Electric water pumps
have been around for many years now. However, prior to the last decade, they have not often been a particular center of attention. That situation has changed completely, though, as electric water pumps have become ever more indispensable in keeping the cooling system functioning optimally, both in combustion engines and hybrid and electric vehicles. In what follows, we will trace this evolution by zooming in on the various uses
of electric water pumps – both main water pumps and those responsible for the thermal management of vehicles (from turbocharger system cooling to battery cooling). We also introduce the most important pump components
The main uses of electric water pumps
Taking a look at the main uses of electric water pumps is one of the best ways to understand how they have evolved.
Programmable additional heating
Programmable additional heating was one of the first applications to feature electric water pumps. In such systems, an additional heater uses the vehicle’s own fuel to heat coolant to the temperature required to warm up the passenger compartment. This not only guarantees that the compartment is at a pleasant temperature when the car user gets in; it also means that the engine starts to operate at an optimal temperature, reducing wear on the corresponding parts. In most cases, the climate control unit controls both the additional heater and the electric water pump, so that any residual heat present in the cooling system can be used to ensure continued heating even after the engine has been turned off.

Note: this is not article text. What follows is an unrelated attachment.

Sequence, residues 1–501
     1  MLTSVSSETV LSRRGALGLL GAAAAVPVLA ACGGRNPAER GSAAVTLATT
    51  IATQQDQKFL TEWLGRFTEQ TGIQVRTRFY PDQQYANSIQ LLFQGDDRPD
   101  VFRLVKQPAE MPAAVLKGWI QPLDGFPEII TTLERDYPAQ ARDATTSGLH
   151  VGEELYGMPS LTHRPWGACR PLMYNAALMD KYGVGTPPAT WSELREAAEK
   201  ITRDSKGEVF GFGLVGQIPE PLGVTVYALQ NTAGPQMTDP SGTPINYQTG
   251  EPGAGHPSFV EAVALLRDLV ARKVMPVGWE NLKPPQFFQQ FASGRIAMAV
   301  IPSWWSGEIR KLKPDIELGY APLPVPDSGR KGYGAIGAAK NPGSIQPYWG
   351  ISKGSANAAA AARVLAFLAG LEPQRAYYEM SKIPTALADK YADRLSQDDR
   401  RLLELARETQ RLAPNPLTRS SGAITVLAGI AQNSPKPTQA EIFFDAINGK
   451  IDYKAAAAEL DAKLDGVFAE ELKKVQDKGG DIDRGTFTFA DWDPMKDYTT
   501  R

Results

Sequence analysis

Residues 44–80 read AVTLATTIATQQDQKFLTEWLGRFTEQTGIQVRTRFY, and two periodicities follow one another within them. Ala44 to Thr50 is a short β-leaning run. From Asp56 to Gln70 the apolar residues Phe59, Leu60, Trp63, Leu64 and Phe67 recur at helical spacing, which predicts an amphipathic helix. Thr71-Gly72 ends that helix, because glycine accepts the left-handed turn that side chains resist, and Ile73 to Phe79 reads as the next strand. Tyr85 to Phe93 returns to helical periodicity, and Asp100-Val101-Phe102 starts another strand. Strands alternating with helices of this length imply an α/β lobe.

Electric water pump
Pumps supporting the cooling system
Cooling systems have become more and more complex as vehicle manufacturers continue to improve car performance. Nowadays, these systems require not only modular hoses, but also electric water pumps in order to work independently of the coolant flow provided by the main mechanical pump, or even to operate in completely separate circuits.
Avoiding overheating and prolonging component life